Capsule Review: Senran Kagura Reflexions

(A note on versions - this game originally released in Japan as Shinobi Refle: Senran Kagura. The North America and Europe release was renamed Senran Kagura Reflexions.)

A spin-off of the Senran Kagura series that presents a short and simple visual novel about face-of-the-series Asuka exploring her feelings and confessing her love for the player character. This is accomplished via a series of sexually-charged vignettes in which the player massages Asuka in simple minigames to unlock her emotions. There’s also DLC to add four other characters (Yumi, Murasaki, Ryōna, and Yomi) and more cosmetic options for the series staple dress-up and diorama modes. Unfortunately, the game fails on almost every level.

The story is extremely thin. Asuka meets the player character after class and has something to say but has trouble getting it out. You massage her hands, triggering a series of five daydream sequences that cast the two of you in various fantasy roles - you’re a struggling student and she’s your sexy tutor, or she’s a student athlete and you’re helping her warm up, and so on. You massage her body in these daydreams, and after five of them Asuka figures out her feelings and may or may not confess her love to you based on the way you massaged her in her daydreams. Once you’ve seen all five possible endings, you unlock the true ending which adds very little. The player character is a complete cipher, no reason is given for Asuka to fall in love, and none of the scenes or dialog develop or reveal her character - if anything, she’s frequently acting out of character.

The gameplay is equally thin - it’s a stretch to call it a massage (or even reflexology) simulator. You start in the classroom, holding Asuka’s hands, and can squeeze any of her fingers or either of her palms, with different locations triggering different dream sequences out of the seven available. Once in a dream sequence, you get a mode essentially identical to what you can do in the dressing room in most Senran Kagura games: Asuka stands and you can touch a few different ways anywhere on her body to prompt reactions that steer toward a particular ending by influencing her emotional state. After this comes the final mode, where (once all options are unlocked) you can choose between striking her inner thigh with your hands, using a roller on the back of her thigh, using a brush on her arm, using a vibrator on her abdomen, or skipping this step entirely as it doesn’t affect the ending. Regardless of your choice, you don’t move to massage multiple areas or have any real choice or control. Asuka assumes a suggestive position, your chosen tool is placed for you, and you fill a meter within a time limit via a simple rhythm-based minigame. Then you’re back to the classroom to either get the next dream or arrive at an ending.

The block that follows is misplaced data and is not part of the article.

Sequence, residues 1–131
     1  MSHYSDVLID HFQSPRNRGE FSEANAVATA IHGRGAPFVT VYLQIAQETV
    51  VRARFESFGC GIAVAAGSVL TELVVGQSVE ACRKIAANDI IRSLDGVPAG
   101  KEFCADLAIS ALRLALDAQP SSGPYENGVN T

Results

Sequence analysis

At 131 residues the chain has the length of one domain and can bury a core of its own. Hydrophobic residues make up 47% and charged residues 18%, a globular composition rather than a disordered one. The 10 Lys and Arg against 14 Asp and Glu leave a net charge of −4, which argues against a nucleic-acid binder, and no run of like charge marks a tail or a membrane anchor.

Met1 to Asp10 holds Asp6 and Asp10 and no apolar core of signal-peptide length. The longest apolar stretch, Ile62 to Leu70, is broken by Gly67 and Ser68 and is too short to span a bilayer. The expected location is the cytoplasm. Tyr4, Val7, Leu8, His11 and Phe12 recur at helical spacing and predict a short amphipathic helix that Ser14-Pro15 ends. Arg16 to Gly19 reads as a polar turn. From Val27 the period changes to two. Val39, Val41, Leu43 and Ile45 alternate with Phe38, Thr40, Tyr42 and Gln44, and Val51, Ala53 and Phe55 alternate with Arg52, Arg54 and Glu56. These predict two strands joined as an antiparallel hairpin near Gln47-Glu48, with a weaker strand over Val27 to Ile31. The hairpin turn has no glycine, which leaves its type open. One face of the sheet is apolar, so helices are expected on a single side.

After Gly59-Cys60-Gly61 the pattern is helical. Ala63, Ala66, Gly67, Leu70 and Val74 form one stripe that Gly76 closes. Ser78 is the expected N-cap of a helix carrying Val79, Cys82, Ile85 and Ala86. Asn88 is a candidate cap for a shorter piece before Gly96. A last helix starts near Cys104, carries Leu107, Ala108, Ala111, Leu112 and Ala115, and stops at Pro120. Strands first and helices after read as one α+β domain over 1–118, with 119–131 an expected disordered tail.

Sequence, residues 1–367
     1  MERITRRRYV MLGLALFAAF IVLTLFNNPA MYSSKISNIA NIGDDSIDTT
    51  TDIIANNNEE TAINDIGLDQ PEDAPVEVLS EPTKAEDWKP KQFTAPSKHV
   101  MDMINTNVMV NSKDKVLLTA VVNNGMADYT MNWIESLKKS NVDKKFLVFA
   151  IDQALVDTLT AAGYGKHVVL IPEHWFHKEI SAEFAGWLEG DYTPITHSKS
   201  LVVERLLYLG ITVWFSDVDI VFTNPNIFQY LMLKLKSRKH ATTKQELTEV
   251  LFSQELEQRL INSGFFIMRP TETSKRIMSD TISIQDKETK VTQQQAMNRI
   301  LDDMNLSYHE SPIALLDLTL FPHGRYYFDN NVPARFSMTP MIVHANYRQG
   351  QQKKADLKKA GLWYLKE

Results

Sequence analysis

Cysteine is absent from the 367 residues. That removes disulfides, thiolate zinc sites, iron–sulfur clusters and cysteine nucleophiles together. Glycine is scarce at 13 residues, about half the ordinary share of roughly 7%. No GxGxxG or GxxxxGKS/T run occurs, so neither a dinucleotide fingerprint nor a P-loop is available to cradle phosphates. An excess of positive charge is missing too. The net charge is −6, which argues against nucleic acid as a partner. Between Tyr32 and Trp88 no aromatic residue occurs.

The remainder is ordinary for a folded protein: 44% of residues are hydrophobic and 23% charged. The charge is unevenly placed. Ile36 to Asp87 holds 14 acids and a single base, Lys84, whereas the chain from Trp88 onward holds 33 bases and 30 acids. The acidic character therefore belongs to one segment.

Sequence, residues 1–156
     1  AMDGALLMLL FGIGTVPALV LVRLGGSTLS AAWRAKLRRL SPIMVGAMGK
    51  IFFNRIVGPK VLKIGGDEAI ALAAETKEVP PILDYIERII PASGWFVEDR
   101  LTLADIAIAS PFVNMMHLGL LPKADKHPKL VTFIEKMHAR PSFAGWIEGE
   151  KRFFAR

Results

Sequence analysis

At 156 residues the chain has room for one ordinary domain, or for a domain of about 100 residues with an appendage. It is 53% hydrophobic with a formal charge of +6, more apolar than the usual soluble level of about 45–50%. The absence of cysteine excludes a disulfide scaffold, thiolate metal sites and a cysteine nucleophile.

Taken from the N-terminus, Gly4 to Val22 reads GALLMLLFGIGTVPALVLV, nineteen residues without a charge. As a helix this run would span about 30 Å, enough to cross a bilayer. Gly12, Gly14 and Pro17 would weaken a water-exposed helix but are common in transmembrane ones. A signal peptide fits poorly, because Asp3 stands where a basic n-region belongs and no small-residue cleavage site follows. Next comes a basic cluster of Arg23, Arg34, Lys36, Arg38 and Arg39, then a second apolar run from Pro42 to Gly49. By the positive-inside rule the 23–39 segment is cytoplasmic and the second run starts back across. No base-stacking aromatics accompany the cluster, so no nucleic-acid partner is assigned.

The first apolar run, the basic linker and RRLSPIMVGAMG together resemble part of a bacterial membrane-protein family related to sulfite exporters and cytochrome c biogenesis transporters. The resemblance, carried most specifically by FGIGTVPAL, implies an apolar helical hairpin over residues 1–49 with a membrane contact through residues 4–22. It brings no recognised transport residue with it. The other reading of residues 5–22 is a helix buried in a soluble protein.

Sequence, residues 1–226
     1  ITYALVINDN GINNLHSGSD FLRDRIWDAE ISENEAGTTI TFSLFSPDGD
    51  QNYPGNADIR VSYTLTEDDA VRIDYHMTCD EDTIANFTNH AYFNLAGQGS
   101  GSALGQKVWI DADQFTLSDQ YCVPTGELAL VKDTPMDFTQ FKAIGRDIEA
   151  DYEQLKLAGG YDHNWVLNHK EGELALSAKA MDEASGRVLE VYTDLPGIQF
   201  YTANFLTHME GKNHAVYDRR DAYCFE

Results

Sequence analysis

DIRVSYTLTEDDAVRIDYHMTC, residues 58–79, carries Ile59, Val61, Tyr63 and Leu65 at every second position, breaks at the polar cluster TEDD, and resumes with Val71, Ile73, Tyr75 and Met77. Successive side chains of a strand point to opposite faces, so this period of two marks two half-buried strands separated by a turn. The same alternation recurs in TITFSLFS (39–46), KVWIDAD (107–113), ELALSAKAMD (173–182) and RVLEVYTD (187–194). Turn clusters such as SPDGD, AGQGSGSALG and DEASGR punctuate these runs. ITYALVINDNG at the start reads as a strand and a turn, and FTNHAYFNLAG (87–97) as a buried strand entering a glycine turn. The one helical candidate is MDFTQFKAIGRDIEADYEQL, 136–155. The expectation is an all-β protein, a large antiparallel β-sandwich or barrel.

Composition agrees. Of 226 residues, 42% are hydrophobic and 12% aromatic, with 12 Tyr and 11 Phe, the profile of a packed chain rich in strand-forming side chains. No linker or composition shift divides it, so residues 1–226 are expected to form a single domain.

With no depth to the story, characterization, or gameplay, the only level this game delivers on is as an aid to fantasizing about being in erotic situations with Asuka. There’s nothing inherently wrong with that, though it’s worth noting that cultural differences absolutely come into play here and some of Asuka’s fantasies or her reactions to certain kinds of massages might be very off-putting to players unused to the relevant Japanese tropes even though these scenes explicitly take place in Asuka’s imagination. But the game doesn’t even embrace its role as a fantasy-creator. Given that Asuka (or at least her voice and appearance) is just being slotted into these scenarios and any of the dozens of established characters would serve just as well, it’s bizarrely limiting that the base game only comes with Asuka and there are only four more girls available, each behind a DLC purchase that’s the same price as the base game. This might make sense if each character had a meaty and character-specific story, but they don’t - each character’s story goes through the same structure and even repeats many of the same dream sequences. If it’s just about seeing a beloved character in these non-character-specific contexts, why not make more of the characters available and please more of the game’s potential audience? Why charge nearly the price of a new mainline game to make a shallow side game’s full cast available when that cast is so small?

While Senran Kagura has always attracted attention through titillation, early games backed that up with solid gameplay, likable characters, and surprisingly nuanced storytelling. More recent games have de-emphasized the characters and story but usually kept up the gameplay, and Reflexions drops all three to near-zero. The only thing here is the titillation, and even that is half-heartedly executed and priced exploitatively.

I Stopped Playing When: I fully completed the base game, seeing all endings and unlocking all items. I did not purchase any DLC.

Docprof's Rating:

One Star: Not for me. While there might be someone out there who'd enjoy this game, I was actively repulsed by it or just found nothing to latch on to.

You can get it or learn more here.